Sisters of Death | Starring Arthur Franz, Claudia Jennings, Cheri Howell, Sherry Boucher, Paul Carr, Joe E. Tata & Sherry Alberoni | Written by Peter Arnold & Elwyn Richards | Directed by Joe Mazzuca | 87 minutes | 1976
An occult-tinged sorority initiation leads to the death of a pledge in a prologue that teases a different sort of horror experience than the film actually delivers.
[I watched Satan’s School for Girls. Satan’s School for Girls was a friend of mine. Sisters of Death, you’re no Satan’s School for Girls.]
Seven years after the hazing death, the surviving sorority members receive an anonymous invitation to a reunion in Paso Robles. Why Paso Robles; why NOT Paso Robles? Seemingly unfazed by their tragic past—or irresistibly drawn to the prospect of a full welcoming champagne brunch—they gather at a remote estate, only to find themselves trapped and isolated inside an electrified fence.
“I really don’t think you should take a shower.”
The purported culprit of this proto-slasher reveals himself early, as the sisters begin to be killed one by one. For a seventies horror, the film is remarkably tepid, almost playing like a made-for-TV project. The kill sequences are mostly bloodless, and the most suspenseful scene arguably involves a tarantula crawling across a bed. Later, the film resorts to another potential animal attack, this time a rattlesnake, to wake up its audience. Even after abandoning all pretense of reason with a laugh-inducing set-up involving a character announcing that—in the middle of all the murders—she intends on taking a shower, the ultimate payoff fails to generate any shock or titillation.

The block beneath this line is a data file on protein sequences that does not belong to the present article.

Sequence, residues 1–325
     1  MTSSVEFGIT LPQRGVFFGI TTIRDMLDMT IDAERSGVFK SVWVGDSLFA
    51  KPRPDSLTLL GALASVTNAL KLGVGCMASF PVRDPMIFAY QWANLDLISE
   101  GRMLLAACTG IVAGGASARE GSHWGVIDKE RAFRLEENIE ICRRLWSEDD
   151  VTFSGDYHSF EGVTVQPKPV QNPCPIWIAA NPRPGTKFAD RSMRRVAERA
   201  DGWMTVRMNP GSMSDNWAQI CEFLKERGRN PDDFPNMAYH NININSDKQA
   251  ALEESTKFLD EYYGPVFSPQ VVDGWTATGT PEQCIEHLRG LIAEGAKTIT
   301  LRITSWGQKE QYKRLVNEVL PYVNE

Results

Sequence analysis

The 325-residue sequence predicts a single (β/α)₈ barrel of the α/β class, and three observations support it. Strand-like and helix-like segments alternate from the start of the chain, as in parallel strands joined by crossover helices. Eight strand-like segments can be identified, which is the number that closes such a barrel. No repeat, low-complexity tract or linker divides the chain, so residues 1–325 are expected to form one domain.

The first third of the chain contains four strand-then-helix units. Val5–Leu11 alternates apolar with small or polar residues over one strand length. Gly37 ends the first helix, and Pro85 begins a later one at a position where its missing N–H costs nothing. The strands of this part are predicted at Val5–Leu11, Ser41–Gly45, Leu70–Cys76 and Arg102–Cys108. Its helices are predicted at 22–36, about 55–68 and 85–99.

Logic unravels completely at the finale, but the unexpected introduction of a gatling gun almost compensates.